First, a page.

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The Principles and Practices of Educational Neuroscience: Comment on Bowers (2016)

Research output: Contribution to journalComment/debate

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The Principles and Practices of Educational Neuroscience : Comment on Bowers (2016). / Howard-Jones, Paul; Sashank, Varma; Ansari, Daniel; Butterworth, Brian; De Smedt, Bert; Goswami, Usha; Laurillard, Diana; Thomas, Michael.

In: Psychological Review, Vol. 123, No. 5, 01.10.2016, p. 620-627.

Research output: Contribution to journalComment/debate

Harvard

Howard-Jones, P, Sashank, V, Ansari, D, Butterworth, B, De Smedt, B, Goswami, U, Laurillard, D & Thomas, M 2016, 'The Principles and Practices of Educational Neuroscience: Comment on Bowers (2016)', Psychological Review, vol. 123, no. 5, pp. 620-627. https://doi.org/10.1037/rev0000036

APA

Howard-Jones, P., Sashank, V., Ansari, D., Butterworth, B., De Smedt, B., Goswami, U., ... Thomas, M. (2016). The Principles and Practices of Educational Neuroscience: Comment on Bowers (2016). Psychological Review, 123(5), 620-627. https://doi.org/10.1037/rev0000036

Vancouver

Howard-Jones P, Sashank V, Ansari D, Butterworth B, De Smedt B, Goswami U et al. The Principles and Practices of Educational Neuroscience: Comment on Bowers (2016). Psychological Review. 2016 Oct 1;123(5):620-627. https://doi.org/10.1037/rev0000036

Author

Howard-Jones, Paul ; Sashank, Varma ; Ansari, Daniel ; Butterworth, Brian ; De Smedt, Bert ; Goswami, Usha ; Laurillard, Diana ; Thomas, Michael. / The Principles and Practices of Educational Neuroscience : Comment on Bowers (2016). In: Psychological Review. 2016 ; Vol. 123, No. 5. pp. 620-627.

Bibtex

@article{4fd56b32fff8400697422ae6d04f4d72,
title = "The Principles and Practices of Educational Neuroscience: Comment on Bowers (2016)",
abstract = "In his recent critique of Educational Neuroscience, Bowers argues that neuroscience has no role to play in informing education, which he equates with classroom teaching. Neuroscience, he suggests, adds nothing to what we can learn from psychology. In this commentary, we argue that Bowers' assertions misrepresent the nature and aims of the work in this new field. We suggest that, by contrast, psychological and neural levels of explanation complement rather than compete with each other. Bowers' analysis also fails to include a role for educational expertise-a guiding principle of our new field. On this basis, we conclude that his critique is potentially misleading. We set out the well-documented goals of research in Educational Neuroscience, and show how, in collaboration with educators, significant progress has already been achieved, with the prospect of even greater progress in the future.",
keywords = "educational neuroscience, education, instruction, neuroscience, mind, brain, and education",
author = "Paul Howard-Jones and Varma Sashank and Daniel Ansari and Brian Butterworth and {De Smedt}, Bert and Usha Goswami and Diana Laurillard and Michael Thomas",
year = "2016",
month = "10",
day = "1",
doi = "10.1037/rev0000036",
language = "English",
volume = "123",
pages = "620--627",
journal = "Psychological Review",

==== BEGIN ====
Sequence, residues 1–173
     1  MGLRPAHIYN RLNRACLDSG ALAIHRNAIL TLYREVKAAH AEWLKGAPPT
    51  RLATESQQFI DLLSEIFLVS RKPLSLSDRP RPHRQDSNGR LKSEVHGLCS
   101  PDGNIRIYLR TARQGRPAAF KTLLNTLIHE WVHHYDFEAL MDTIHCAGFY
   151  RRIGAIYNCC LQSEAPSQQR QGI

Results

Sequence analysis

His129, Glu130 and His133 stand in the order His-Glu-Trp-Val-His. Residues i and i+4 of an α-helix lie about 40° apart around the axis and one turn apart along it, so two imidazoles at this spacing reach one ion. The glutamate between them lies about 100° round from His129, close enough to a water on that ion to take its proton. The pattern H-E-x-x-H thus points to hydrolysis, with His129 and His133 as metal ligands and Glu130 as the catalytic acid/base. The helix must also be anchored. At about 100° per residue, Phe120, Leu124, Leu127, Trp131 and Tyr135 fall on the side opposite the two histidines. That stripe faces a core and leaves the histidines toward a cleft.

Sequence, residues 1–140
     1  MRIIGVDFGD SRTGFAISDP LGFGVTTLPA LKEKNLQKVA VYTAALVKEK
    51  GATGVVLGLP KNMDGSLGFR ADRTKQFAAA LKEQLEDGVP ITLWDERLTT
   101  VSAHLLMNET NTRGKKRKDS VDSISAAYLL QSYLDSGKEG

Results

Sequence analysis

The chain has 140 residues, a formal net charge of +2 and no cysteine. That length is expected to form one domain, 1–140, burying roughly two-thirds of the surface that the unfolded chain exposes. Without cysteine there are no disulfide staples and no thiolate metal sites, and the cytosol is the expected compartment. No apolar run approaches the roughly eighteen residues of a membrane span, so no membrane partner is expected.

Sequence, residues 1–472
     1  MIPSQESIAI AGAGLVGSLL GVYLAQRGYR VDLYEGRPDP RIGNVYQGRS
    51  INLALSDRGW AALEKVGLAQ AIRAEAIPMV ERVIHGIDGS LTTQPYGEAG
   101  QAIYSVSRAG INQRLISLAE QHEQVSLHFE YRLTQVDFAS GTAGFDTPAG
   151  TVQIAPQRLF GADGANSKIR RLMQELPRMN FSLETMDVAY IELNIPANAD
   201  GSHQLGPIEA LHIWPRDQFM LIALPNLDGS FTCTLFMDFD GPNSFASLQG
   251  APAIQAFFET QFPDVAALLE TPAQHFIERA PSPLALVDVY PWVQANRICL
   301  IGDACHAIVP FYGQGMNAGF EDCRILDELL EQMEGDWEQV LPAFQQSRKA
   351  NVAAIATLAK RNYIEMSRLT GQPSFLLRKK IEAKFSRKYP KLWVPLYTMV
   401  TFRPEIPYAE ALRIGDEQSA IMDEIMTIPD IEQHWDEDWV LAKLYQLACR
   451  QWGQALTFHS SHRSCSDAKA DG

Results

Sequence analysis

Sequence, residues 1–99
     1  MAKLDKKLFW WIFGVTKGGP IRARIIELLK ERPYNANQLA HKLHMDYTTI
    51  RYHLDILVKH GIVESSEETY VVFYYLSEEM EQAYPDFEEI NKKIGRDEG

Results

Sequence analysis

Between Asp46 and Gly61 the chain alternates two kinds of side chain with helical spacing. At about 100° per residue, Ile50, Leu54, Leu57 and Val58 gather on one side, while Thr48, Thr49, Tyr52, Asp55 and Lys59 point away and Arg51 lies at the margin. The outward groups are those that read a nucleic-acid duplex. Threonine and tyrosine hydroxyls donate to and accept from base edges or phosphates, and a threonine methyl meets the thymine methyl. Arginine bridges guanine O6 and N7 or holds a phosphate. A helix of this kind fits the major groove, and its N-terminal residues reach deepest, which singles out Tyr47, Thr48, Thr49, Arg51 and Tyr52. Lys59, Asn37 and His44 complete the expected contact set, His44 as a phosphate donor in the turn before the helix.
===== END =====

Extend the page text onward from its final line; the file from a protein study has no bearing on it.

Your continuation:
issn = "0033-295X",
publisher = "American Psychological Association Inc.",
number = "5",

}

RIS - suitable for import to EndNote

TY - JOUR

T1 - The Principles and Practices of Educational Neuroscience

T2 - Comment on Bowers (2016)

AU - Howard-Jones, Paul

AU - Sashank, Varma

AU - Ansari, Daniel

AU - Butterworth, Brian

AU - De Smedt, Bert

AU - Goswami, Usha

AU - Laurillard, Diana

AU - Thomas, Michael

PY - 2016/10/1

Y1 - 2016/10/1

N2 - In his recent critique of Educational Neuroscience, Bowers argues that neuroscience has no role to play in informing education, which he equates with classroom teaching. Neuroscience, he suggests, adds nothing to what we can learn from psychology. In this commentary, we argue that Bowers' assertions misrepresent the nature and aims of the work in this new field. We suggest that, by contrast, psychological and neural levels of explanation complement rather than compete with each other. Bowers' analysis also fails to include a role for educational expertise-a guiding principle of our new field. On this basis, we conclude that his critique is potentially misleading. We set out the well-documented goals of research in Educational Neuroscience, and show how, in collaboration with educators, significant progress has already been achieved, with the prospect of even greater progress in the future.

AB - In his recent critique of Educational Neuroscience, Bowers argues that neuroscience has no role to play in informing education, which he equates with classroom teaching. Neuroscience, he suggests, adds nothing to what we can learn from psychology. In this commentary, we argue that Bowers' assertions misrepresent the nature and aims of the work in this new field. We suggest that, by contrast, psychological and neural levels of explanation complement rather than compete with each other. Bowers' analysis also fails to include a role for educational expertise-a guiding principle of our new field. On this basis, we conclude that his critique is potentially misleading. We set out the well-documented goals of research in Educational Neuroscience, and show how, in collaboration with educators, significant progress has already been achieved, with the prospect of even greater progress in the future.

KW - educational neuroscience

KW - education

KW - instruction

KW - neuroscience

KW - mind, brain, and education

U2 - 10.1037/rev0000036

DO - 10.1037/rev0000036

M3 - Comment/debate

VL - 123

SP - 620

EP - 627

JO - Psychological Review

JF - Psychological Review

SN - 0033-295X

IS - 5

ER -